Apolipoprotein-AI mimetic peptides D-4F and L-5F decrease hepatic inflammation and increase insulin sensitivity in C57BL/6 mice

Autoři: Kristine C. McGrath aff001;  Xiaohong Li aff002;  Stephen M. Twigg aff003;  Alison K. Heather aff004
Působiště autorů: School of Life Sciences, University of Technology Sydney, Broadway, NSW, Australia aff001;  Health Management Center, Shandong Provincial Hospital Affiliated to Shandong University, Jinan, Shandong, China aff002;  Sydney Medical School (Central) and Charles Perkins Centre, Faculty of Medicine and Health, University of Sydney, NSW, Australia aff003;  Department of Physiology, Otago School of Medical Sciences, University of Otago, Dunedin, New Zealand aff004;  Heart Otago, University of Otago, Dunedin, New Zealand aff005
Vyšlo v časopise: PLoS ONE 15(1)
Kategorie: Research Article
prolekare.web.journal.doi_sk: 10.1371/journal.pone.0226931



Apolipoprotein-AI (apo-AI) is the major apolipoprotein found in high density lipoprotein particles (HDLs). We previously demonstrated that apo-AI injected directly into high-fat diet fed mice improved insulin sensitivity associated with decreased hepatic inflammation. While our data provides compelling proof of concept, apoA-I mimetic peptides are more clinically feasible. The aim of this study was to test whether apo-AI mimetic peptide (D-4F and L-5F) treatment will emulate the effects of full-length apo-AI to improve insulin sensitivity.


Male C57BL/6 mice were fed a high-fat diet for 16 weeks before receiving D4F mimetic peptide administered via drinking water or L5F mimetic peptide administered by intraperitoneal injection bi-weekly for a total of five weeks. Glucose tolerance and insulin tolerance tests were conducted to assess the effects of the peptides on insulin resistance. Effects of the peptides on inflammation, gluconeogenic enzymes and lipid synthesis were assessed by real-time PCR of key markers involved in the respective pathways.


Treatment with apo-AI mimetic peptides D-4F and L-5F showed: (i) improved blood glucose clearance (D-4F 1.40-fold AUC decrease compared to HFD, P<0.05; L-4F 1.17-fold AUC decrease compared to HFD, ns) in the glucose tolerance test; (ii) improved insulin tolerance (D-4F 1.63-fold AUC decrease compared to HFD, P<0.05; L-5F 1.39-fold AUC compared to HFD, P<0.05) in the insulin tolerance test. The metabolic test results were associated with (i) decreased hepatic inflammation of SAA1, IL-1β IFN-γ and TNFα (2.61–5.97-fold decrease compared to HFD, P<0.05) for both mimetics; (ii) suppression of hepatic mRNA expression of gluconeogenesis-associated genes (PEPCK and G6Pase; 1.66–3.01-fold decrease compared to HFD, P<0.001) for both mimetics; (iii) lipogenic-associated genes, (SREBP1c and ChREBP; 2.15–3.31-fold decrease compared to HFD, P<0.001) for both mimetics and; (iv) reduced hepatic macrophage infiltration (F4/80 and CD68; 1.77–2.15-fold compared to HFD, P<0.001) for both mimetics.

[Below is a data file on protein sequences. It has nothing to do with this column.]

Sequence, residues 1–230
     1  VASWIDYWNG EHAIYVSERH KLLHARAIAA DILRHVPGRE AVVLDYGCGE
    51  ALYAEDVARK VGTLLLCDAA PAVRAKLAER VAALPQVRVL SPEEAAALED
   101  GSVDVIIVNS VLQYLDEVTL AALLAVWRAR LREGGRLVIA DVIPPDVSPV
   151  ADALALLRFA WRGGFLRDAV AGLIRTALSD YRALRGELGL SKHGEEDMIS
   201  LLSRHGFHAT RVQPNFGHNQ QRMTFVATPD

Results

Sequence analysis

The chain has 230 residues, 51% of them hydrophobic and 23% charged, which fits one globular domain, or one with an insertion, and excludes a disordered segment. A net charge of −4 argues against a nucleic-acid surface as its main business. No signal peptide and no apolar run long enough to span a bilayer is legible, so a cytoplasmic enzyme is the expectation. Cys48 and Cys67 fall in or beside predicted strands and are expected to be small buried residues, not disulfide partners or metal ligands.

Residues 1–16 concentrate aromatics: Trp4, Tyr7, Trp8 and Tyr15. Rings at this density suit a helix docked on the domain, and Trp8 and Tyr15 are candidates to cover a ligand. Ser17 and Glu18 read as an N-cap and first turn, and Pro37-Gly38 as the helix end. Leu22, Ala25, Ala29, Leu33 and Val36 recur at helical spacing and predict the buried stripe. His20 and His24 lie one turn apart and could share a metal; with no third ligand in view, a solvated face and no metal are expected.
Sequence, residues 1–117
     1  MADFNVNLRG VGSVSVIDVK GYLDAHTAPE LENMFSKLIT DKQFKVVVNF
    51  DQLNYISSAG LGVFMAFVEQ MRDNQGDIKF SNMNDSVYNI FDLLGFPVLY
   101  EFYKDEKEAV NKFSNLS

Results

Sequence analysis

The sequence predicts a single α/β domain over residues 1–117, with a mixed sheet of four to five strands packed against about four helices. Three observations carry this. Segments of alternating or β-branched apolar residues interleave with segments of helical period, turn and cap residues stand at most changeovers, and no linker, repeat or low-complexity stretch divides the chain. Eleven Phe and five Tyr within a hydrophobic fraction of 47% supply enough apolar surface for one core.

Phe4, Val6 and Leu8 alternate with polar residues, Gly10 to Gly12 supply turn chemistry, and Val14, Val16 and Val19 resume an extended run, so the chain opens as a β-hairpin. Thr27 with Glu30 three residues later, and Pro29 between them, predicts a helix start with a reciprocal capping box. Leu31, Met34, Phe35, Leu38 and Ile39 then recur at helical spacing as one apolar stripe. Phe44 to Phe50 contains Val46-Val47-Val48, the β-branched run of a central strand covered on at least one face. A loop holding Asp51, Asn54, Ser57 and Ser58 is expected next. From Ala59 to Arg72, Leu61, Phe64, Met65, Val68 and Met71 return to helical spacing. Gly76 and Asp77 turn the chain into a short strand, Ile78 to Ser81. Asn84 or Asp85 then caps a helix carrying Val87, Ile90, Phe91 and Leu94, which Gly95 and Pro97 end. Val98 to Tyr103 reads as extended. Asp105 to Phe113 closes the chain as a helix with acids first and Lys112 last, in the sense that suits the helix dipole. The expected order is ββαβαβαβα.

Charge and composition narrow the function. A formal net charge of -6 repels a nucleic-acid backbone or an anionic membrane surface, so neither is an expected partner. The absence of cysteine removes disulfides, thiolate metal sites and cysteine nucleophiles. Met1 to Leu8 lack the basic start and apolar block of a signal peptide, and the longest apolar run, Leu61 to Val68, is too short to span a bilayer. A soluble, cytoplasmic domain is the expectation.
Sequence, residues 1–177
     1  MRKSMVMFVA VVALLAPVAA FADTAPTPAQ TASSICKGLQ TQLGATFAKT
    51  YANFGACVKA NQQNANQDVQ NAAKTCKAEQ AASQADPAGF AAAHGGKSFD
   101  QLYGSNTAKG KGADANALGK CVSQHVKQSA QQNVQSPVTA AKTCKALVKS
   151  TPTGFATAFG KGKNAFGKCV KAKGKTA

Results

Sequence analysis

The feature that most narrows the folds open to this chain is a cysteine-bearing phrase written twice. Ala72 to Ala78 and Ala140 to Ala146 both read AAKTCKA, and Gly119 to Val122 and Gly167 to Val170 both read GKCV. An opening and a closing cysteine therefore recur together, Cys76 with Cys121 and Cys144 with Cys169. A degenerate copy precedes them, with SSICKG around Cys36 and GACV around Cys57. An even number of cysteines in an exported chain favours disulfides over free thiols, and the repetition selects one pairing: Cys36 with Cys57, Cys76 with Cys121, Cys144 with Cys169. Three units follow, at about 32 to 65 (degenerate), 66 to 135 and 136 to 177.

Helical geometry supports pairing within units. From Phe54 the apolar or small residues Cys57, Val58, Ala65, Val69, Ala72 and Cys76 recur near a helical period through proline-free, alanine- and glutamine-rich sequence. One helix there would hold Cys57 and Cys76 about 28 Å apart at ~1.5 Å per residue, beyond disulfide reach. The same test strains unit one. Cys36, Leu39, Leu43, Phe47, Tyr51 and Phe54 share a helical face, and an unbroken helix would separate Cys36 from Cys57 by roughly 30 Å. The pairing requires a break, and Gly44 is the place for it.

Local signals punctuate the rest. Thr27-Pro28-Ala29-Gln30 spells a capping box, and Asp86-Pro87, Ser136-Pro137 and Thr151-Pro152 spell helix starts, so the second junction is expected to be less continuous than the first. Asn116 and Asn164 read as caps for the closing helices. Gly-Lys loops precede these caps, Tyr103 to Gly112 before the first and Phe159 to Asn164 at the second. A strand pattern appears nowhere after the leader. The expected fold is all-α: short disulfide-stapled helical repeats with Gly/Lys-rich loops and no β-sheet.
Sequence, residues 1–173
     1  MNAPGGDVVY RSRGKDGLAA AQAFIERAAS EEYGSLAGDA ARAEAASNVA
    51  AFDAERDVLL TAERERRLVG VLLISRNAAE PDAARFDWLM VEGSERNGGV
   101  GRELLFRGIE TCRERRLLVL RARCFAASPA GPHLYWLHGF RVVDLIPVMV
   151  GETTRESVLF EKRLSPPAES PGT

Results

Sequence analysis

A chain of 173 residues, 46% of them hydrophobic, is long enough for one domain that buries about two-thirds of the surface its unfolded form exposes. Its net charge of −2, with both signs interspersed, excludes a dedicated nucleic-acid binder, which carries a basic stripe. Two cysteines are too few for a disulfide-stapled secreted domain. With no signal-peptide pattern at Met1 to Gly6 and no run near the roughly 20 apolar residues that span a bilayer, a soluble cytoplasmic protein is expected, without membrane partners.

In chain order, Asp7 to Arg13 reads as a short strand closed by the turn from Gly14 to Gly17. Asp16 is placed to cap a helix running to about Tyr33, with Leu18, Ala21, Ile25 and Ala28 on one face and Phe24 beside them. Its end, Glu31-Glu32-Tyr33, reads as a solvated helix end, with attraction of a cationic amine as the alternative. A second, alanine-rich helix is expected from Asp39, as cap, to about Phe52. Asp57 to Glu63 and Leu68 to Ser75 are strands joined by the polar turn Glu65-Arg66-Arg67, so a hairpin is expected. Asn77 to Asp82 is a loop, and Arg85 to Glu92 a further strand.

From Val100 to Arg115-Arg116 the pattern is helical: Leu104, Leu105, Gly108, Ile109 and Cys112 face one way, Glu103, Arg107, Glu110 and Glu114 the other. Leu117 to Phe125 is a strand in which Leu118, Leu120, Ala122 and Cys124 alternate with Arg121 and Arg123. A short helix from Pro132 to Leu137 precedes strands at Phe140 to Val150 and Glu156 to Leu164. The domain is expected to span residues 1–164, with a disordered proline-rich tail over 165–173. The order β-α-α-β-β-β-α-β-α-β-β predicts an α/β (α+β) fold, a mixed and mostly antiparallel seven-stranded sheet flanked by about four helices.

Apo-AI mimetic peptides treatment led to improved glucose homeostasis. This effect is associated with reduced expression of inflammatory markers in the liver and reduced infiltration of macrophages, suggesting an overall suppression of hepatic inflammation. We also showed altered expression of genes associated with gluconeogenesis and lipid synthesis, suggesting that glucose and lipid synthesis is suppressed. These findings suggest that apoA-I mimetic peptides could be a new therapeutic option to reduce hepatic inflammation that contributes to the development of overnutrition-induced insulin resistance.

Klíčová slova:

Glucose tolerance tests – Inflammation – Insulin – Lipids – Diet – Fats – Mouse models – Insulin resistance


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